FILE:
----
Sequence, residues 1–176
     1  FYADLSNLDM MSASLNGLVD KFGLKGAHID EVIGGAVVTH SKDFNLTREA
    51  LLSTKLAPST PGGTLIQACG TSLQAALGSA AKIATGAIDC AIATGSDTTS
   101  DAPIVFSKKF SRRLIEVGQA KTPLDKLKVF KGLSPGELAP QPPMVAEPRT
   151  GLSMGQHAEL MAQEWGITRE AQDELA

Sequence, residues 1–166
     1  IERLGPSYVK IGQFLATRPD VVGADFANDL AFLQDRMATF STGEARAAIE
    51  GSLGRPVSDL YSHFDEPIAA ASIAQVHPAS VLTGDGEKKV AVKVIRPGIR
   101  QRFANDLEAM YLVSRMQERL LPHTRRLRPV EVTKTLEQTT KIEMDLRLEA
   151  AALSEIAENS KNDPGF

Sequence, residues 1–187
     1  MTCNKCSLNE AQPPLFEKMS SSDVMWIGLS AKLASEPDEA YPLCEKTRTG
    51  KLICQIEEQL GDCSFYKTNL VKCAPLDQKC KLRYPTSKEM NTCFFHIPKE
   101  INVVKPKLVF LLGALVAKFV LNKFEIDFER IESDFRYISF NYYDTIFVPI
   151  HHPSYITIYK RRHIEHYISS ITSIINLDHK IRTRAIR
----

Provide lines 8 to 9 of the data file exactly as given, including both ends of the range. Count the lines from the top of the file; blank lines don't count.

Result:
    51  GSLGRPVSDL YSHFDEPIAA ASIAQVHPAS VLTGDGEKKV AVKVIRPGIR
   101  QRFANDLEAM YLVSRMQERL LPHTRRLRPV EVTKTLEQTT KIEMDLRLEA